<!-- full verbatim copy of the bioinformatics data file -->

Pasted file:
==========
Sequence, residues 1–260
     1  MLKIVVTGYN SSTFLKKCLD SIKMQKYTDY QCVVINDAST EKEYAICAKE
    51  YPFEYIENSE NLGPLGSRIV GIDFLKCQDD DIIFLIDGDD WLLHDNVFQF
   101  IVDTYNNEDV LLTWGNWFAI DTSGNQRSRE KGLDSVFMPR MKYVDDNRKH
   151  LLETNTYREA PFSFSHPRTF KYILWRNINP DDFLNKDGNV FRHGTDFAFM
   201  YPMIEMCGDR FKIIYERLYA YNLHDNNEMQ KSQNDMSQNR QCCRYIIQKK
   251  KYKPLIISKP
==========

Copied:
Sequence, residues 1–260
     1  MLKIVVTGYN SSTFLKKCLD SIKMQKYTDY QCVVINDAST EKEYAICAKE
    51  YPFEYIENSE NLGPLGSRIV GIDFLKCQDD DIIFLIDGDD WLLHDNVFQF
   101  IVDTYNNEDV LLTWGNWFAI DTSGNQRSRE KGLDSVFMPR MKYVDDNRKH
   151  LLETNTYREA PFSFSHPRTF KYILWRNINP DDFLNKDGNV FRHGTDFAFM
   201  YPMIEMCGDR FKIIYERLYA YNLHDNNEMQ KSQNDMSQNR QCCRYIIQKK
   251  KYKPLIISKP